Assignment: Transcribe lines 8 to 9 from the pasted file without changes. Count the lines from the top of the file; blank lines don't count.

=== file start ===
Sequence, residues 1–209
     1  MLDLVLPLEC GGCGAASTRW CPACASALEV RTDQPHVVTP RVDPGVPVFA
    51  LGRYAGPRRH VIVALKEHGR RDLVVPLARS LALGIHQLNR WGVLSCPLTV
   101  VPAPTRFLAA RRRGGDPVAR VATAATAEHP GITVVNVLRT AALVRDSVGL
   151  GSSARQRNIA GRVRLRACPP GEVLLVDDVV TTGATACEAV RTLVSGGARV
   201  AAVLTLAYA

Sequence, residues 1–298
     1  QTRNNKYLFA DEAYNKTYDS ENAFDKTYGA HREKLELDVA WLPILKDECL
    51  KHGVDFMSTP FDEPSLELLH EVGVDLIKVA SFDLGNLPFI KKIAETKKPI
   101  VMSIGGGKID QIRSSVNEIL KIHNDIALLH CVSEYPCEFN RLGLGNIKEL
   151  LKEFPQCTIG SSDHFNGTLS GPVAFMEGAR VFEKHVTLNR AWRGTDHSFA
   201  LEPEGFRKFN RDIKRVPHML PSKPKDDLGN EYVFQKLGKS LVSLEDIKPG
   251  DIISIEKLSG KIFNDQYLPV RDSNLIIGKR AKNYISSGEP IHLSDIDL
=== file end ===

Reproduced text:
     1  QTRNNKYLFA DEAYNKTYDS ENAFDKTYGA HREKLELDVA WLPILKDECL
    51  KHGVDFMSTP FDEPSLELLH EVGVDLIKVA SFDLGNLPFI KKIAETKKPI